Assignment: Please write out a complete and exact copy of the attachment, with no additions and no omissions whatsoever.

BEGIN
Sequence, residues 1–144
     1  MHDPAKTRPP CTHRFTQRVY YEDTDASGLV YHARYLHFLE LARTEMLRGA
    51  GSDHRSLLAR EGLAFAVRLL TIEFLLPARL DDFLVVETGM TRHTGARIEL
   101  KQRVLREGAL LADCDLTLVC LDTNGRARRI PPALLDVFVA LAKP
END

Sequence, residues 1–144
     1  MHDPAKTRPP CTHRFTQRVY YEDTDASGLV YHARYLHFLE LARTEMLRGA
    51  GSDHRSLLAR EGLAFAVRLL TIEFLLPARL DDFLVVETGM TRHTGARIEL
   101  KQRVLREGAL LADCDLTLVC LDTNGRARRI PPALLDVFVA LAKP